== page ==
WASHINGTON/PARIS (Reuters) - Planemakers are looking at drastic cuts in wide-body production amid a slump in demand for the industry’s largest jetliners, manufacturing and supplier sources said on Thursday.
Deliveries of long-range jets like the Boeing 777 or 787 and Airbus A350 or A330 have been particularly badly hit as airlines seek deferrals and many withhold progress payments.
“At a minimum, the (Boeing (BA.N)) rate could fall by at least half,” one industry source said, speaking on condition of anonymity.
Airbus (AIR.PA) also faces likely cuts in wide-body jet production, but no decision has been taken, the sources said.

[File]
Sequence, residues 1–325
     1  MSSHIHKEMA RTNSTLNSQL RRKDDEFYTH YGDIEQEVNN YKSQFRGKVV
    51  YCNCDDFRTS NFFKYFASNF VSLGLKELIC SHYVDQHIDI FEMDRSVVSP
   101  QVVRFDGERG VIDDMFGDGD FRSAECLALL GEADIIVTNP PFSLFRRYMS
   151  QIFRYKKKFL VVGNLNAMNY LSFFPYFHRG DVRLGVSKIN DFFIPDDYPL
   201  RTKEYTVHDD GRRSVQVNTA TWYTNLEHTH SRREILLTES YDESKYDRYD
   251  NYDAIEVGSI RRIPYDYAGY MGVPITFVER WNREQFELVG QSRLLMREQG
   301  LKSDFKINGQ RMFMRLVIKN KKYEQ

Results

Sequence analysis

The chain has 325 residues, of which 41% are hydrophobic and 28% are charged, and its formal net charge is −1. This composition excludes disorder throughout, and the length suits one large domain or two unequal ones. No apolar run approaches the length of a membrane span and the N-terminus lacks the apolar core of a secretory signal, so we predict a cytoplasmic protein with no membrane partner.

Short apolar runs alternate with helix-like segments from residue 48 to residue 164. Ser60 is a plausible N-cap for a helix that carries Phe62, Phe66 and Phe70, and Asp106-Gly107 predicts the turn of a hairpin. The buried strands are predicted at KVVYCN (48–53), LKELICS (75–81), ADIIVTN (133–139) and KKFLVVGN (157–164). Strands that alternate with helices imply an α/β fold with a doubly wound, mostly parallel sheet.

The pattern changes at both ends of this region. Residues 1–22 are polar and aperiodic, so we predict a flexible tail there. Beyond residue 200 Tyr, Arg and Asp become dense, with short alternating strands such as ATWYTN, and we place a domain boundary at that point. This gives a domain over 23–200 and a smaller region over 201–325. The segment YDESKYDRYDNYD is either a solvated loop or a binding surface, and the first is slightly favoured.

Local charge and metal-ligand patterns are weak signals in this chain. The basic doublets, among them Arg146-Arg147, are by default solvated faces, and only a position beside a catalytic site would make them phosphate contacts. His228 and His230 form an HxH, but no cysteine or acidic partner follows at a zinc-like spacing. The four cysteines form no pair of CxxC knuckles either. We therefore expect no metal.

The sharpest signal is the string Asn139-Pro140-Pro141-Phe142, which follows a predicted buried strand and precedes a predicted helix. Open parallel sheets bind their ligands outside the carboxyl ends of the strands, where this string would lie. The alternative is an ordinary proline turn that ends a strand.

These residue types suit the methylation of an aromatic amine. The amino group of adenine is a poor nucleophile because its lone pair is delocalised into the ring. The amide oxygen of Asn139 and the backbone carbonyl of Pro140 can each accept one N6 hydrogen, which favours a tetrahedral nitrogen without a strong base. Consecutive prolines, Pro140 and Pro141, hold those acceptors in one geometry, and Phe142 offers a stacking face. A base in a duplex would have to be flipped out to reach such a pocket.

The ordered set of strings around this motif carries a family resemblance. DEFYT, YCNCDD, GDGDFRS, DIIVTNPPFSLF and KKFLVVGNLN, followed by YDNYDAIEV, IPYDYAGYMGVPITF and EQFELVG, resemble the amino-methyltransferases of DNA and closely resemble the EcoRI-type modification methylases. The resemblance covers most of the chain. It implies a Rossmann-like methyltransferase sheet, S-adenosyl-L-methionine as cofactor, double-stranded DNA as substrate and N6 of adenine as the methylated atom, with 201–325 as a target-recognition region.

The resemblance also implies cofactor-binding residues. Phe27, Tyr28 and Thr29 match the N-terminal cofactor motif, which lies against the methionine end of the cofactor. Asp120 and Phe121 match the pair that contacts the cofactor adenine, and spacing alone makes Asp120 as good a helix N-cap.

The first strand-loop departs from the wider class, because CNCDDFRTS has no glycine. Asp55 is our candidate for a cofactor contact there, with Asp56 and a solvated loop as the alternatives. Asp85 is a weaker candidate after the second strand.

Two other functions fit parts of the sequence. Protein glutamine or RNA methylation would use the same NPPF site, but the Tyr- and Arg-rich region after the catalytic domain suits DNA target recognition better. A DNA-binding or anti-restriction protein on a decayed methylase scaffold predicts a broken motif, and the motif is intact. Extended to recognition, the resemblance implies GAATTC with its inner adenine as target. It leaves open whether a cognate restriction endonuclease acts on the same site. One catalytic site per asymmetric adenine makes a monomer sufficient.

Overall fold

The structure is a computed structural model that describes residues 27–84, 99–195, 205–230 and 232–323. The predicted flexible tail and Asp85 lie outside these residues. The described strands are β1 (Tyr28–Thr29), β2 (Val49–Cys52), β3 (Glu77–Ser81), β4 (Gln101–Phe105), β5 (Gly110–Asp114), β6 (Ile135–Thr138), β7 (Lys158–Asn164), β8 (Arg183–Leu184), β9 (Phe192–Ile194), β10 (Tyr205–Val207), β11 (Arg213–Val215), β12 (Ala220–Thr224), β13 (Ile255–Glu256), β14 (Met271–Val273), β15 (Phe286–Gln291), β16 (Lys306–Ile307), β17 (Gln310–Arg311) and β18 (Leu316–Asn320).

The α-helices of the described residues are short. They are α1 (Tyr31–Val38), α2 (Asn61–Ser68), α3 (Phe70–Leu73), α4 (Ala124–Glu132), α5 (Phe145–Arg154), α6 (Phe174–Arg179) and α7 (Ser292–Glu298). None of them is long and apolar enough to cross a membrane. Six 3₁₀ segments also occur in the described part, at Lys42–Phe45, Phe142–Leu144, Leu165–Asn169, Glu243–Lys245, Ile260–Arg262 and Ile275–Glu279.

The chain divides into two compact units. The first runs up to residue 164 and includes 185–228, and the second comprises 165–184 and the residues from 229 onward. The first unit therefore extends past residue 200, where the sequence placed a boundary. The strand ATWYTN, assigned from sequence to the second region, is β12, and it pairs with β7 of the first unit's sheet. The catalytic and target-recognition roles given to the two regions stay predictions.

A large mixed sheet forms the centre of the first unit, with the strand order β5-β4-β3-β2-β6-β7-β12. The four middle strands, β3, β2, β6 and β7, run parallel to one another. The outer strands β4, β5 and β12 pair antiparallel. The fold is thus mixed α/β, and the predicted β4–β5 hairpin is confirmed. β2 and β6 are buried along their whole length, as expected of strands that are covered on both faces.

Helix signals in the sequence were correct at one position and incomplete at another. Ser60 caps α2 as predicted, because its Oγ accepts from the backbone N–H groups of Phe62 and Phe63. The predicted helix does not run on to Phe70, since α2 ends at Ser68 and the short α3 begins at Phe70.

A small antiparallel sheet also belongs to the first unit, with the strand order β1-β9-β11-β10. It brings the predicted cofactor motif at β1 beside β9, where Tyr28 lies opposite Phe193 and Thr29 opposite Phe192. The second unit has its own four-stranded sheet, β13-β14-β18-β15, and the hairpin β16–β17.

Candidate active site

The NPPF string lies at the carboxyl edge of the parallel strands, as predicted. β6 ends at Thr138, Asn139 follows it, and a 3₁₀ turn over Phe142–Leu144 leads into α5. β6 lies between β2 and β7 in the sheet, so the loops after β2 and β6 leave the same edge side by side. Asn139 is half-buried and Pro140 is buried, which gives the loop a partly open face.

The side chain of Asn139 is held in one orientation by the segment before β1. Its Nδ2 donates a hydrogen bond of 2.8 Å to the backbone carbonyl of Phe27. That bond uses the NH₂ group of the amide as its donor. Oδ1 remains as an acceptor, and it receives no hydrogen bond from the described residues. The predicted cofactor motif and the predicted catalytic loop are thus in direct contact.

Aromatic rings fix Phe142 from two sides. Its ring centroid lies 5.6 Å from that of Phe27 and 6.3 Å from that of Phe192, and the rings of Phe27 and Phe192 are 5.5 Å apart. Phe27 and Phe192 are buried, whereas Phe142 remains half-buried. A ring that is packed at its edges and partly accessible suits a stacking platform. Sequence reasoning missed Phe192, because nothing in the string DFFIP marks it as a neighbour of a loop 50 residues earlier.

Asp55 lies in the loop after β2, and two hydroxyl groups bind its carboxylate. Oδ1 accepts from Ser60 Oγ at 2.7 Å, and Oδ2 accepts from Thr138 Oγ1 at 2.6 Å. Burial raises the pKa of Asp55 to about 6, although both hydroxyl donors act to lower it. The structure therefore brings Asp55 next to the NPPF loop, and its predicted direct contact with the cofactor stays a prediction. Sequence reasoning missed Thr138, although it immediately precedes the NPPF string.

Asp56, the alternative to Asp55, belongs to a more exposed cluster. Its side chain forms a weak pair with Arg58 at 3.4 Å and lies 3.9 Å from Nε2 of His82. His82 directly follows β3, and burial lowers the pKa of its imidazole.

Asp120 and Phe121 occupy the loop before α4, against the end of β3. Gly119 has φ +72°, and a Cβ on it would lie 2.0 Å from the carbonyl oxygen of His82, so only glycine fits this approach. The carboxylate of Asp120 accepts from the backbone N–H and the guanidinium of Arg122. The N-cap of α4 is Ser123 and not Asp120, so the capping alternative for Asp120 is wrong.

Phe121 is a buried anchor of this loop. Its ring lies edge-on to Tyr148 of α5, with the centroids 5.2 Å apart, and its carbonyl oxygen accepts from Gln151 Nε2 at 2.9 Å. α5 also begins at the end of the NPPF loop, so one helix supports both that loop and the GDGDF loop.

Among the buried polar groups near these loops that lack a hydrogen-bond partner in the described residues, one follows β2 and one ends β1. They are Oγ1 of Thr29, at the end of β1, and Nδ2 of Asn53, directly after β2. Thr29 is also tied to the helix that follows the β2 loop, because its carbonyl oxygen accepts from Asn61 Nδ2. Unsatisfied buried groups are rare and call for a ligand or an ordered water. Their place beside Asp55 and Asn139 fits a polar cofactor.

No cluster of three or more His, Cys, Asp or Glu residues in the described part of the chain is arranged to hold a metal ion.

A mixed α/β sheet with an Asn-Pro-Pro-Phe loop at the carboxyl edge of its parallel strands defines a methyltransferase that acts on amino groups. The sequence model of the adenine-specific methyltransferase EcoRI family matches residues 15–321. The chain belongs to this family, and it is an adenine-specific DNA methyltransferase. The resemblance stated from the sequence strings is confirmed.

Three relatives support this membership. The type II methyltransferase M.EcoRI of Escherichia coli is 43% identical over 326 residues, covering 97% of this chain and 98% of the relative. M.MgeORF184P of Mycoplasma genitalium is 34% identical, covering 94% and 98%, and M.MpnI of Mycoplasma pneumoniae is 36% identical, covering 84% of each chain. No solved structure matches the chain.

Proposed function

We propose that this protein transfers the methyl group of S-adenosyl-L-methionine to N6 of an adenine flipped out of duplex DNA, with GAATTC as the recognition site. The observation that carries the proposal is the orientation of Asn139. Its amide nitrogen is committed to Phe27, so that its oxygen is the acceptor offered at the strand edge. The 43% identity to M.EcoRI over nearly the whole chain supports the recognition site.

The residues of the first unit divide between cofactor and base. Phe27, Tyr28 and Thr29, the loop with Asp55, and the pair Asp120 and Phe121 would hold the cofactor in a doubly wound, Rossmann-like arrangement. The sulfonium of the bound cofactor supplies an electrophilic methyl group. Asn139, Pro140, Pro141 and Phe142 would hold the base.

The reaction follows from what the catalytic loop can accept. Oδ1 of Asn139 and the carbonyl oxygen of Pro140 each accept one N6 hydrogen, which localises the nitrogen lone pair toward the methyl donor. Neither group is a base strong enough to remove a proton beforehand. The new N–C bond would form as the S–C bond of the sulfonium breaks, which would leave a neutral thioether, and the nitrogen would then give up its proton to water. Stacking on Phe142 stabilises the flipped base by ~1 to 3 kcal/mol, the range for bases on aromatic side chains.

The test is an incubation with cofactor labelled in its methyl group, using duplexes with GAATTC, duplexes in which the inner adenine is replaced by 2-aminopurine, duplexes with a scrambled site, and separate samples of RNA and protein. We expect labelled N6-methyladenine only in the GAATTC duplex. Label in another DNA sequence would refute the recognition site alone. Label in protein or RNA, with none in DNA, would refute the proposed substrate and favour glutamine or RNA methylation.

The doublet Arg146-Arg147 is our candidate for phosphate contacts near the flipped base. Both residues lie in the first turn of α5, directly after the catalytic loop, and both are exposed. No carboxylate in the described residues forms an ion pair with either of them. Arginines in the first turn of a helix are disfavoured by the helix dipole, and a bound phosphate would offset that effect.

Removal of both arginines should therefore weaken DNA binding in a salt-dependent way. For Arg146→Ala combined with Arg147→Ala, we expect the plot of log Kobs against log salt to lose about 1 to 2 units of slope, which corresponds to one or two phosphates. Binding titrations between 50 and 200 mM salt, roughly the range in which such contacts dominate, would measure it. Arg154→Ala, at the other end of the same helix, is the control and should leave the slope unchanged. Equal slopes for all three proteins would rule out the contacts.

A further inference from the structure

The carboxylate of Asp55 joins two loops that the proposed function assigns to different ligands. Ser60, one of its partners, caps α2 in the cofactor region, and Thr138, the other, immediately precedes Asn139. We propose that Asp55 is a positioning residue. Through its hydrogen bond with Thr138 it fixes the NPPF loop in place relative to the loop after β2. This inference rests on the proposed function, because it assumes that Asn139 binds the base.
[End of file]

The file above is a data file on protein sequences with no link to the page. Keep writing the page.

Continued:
Both planemakers declined comment.
UK-based consultancy Ascend by Cirium has forecast a total surplus of some 5,000 commercial aircraft of all sizes once the dust settles from the industry’s worst ever crisis.
Boeing Chief Executive Dave Calhoun told employees on Thursday that the company would take steps to balance supply and demand, without elaborating.
“It will take time for the aerospace industry to recover from the crisis,” he said in a letter to employees, adding the commercial market would evolve in future.
“We will need to balance the supply and demand accordingly as the industry goes through the recovery process for years to come,” he said.
Airbus Chief Executive Guillaume Faury said last month that the European planemaker would also adjust supply in the event that airlines fail to take their aircraft.
Reporting by David Shepardson, Tim Hepher; Editing by Susan Fenton